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How to generate a list of all available man pages on a system?

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type "man man" it will set you free. – Chris Nov 5 '10 at 13:52

5 Answers 5

up vote 19 down vote accepted


apropos .


man -k .

where . is a regex that means: "any character".

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Also handy: apropos -s 1 . to limit it to section 1 (user commands), for example. – Dennis Williamson Nov 5 '10 at 16:19
I was going to suggest looking at how bash and zsh provide completion, but this is a lot simpler (less portable though, as not all systems accept a regexp as the argument to apropos). – Gilles Nov 5 '10 at 20:42

Here's my favourite:

whatis -r .

… and if you just want to see all the man pages in a particular section use the -s flag.

For example, if you just wanted to get a list of all man pages for all executable commands (section 1):

whatis -s 1 -r .
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# Shell script to list pathname of all available man pages  
mandirs="\`man -w | sed 's/:/ /g'\`"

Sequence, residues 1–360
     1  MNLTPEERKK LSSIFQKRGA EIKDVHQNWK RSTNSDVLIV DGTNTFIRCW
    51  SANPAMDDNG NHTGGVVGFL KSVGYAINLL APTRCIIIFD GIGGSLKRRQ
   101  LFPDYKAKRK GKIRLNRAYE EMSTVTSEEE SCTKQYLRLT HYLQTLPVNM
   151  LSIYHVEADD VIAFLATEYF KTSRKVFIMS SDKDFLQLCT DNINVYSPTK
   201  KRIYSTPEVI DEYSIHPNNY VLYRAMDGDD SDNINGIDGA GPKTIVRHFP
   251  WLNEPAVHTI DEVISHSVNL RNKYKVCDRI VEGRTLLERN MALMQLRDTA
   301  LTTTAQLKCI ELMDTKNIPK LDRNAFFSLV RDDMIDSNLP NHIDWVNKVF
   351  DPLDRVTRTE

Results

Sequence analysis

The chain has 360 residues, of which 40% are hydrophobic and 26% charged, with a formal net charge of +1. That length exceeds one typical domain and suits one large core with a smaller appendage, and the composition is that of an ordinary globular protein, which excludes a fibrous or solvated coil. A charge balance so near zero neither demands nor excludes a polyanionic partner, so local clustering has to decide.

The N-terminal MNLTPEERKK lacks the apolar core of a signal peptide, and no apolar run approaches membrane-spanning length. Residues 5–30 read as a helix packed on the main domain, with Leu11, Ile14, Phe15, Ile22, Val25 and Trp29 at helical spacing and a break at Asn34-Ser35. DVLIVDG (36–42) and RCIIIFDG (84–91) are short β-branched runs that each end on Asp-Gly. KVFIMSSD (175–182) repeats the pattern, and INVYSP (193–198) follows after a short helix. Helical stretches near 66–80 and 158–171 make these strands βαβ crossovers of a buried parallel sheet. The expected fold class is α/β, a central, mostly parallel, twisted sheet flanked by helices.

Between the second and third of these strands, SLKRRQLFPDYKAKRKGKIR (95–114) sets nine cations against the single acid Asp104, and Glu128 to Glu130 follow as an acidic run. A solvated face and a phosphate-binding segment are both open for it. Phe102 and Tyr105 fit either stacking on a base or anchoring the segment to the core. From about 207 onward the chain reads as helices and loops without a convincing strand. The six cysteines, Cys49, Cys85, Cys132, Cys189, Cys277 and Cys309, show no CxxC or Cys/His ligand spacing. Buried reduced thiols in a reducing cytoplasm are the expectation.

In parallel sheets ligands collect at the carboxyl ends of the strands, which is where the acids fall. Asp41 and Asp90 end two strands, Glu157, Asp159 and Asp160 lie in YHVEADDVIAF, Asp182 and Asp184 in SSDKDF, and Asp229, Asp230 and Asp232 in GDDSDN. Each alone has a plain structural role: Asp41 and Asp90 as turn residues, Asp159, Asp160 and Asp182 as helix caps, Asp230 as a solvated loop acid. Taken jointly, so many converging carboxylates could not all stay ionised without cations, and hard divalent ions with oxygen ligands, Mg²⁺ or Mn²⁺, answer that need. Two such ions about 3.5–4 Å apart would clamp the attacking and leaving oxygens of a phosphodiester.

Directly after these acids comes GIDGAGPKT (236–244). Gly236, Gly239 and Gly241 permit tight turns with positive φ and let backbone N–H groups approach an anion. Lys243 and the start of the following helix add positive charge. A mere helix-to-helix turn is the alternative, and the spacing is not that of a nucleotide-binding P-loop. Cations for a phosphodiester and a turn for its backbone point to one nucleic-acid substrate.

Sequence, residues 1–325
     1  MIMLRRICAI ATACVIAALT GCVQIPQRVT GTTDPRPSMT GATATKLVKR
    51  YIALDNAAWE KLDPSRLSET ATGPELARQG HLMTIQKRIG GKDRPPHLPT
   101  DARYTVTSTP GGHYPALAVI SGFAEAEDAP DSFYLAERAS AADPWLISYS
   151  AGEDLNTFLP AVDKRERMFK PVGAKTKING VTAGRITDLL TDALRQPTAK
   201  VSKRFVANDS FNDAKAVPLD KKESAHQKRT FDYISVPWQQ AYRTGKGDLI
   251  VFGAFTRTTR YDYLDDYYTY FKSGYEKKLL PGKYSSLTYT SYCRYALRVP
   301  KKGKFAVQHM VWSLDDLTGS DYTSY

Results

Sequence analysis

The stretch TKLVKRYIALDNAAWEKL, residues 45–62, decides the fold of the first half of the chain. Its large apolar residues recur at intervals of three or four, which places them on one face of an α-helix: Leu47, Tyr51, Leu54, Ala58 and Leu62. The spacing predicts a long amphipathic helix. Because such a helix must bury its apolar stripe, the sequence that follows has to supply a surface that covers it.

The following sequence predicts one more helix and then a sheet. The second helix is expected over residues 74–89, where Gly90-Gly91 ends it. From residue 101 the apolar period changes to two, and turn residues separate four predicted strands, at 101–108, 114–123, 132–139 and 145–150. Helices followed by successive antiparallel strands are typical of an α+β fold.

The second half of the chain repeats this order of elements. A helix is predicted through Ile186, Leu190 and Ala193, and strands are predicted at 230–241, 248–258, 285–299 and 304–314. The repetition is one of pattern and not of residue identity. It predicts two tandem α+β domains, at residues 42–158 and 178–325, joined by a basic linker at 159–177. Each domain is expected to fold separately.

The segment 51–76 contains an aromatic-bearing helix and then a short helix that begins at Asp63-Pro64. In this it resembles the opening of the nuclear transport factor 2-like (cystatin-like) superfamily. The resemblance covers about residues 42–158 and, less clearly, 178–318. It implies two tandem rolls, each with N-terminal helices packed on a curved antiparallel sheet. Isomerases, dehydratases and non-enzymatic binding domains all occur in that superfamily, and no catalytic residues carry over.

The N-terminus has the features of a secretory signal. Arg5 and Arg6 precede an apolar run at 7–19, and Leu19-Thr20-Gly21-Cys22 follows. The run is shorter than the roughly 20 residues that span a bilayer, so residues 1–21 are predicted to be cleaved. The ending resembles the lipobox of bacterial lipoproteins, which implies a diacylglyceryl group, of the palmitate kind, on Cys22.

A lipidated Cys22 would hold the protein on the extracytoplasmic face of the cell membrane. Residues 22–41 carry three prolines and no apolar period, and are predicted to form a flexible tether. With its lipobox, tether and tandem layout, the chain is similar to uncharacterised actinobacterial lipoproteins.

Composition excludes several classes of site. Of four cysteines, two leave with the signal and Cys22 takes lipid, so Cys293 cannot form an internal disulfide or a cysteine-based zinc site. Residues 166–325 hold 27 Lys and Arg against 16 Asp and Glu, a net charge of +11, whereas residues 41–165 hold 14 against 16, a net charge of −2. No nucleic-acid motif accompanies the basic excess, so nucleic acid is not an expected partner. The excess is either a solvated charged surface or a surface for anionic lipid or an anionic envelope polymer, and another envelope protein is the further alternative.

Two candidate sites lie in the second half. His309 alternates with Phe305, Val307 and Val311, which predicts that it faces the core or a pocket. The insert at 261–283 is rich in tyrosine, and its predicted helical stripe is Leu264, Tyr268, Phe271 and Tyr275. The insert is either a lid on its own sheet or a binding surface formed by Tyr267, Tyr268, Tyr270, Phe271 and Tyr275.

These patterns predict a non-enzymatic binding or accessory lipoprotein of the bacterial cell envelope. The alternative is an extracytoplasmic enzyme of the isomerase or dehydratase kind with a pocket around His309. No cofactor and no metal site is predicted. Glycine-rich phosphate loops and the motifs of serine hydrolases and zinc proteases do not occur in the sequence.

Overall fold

find $mandirs -type f  

This produces a list of all man files, using the list of man directories that is produced by "man -w", however, cYrus's any-character-regex solution is much better, pipe though awk to get a clean list of just the page names:

apropos . | awk '{print $1}'


man -k . | awk '{print $1}'
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That way you'll loose the man section and thus create duplicates. For the latter pipe through sort -u. – cYrus Nov 5 '10 at 14:54
$ man -k . -s <section-NR>

For example to show all section 2 pages:

$ man -k . -s 2
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I was hoping man 2 -k '.' would work as well. But it doesn't – abc Aug 7 '14 at 22:45
Try again and specify the section after option -k as indicated above ... – Aaron Sep 11 '14 at 15:17

Look in the paths listed in /etc/man.config, with the additional directories as added by the FHS or FSSTND directive as appropriate.

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And then? I think it's better to read paths from MANPATH variable. But it's awful, because there is a huge number of subdirs and it contains different file extensions like 1 or gz. By the way, many systems have no man.config in /etc – psihodelia Nov 5 '10 at 13:43
@psihodelia: On my system it's /etc/manpath.config and $MANPATH is null. – Dennis Williamson Nov 5 '10 at 16:24

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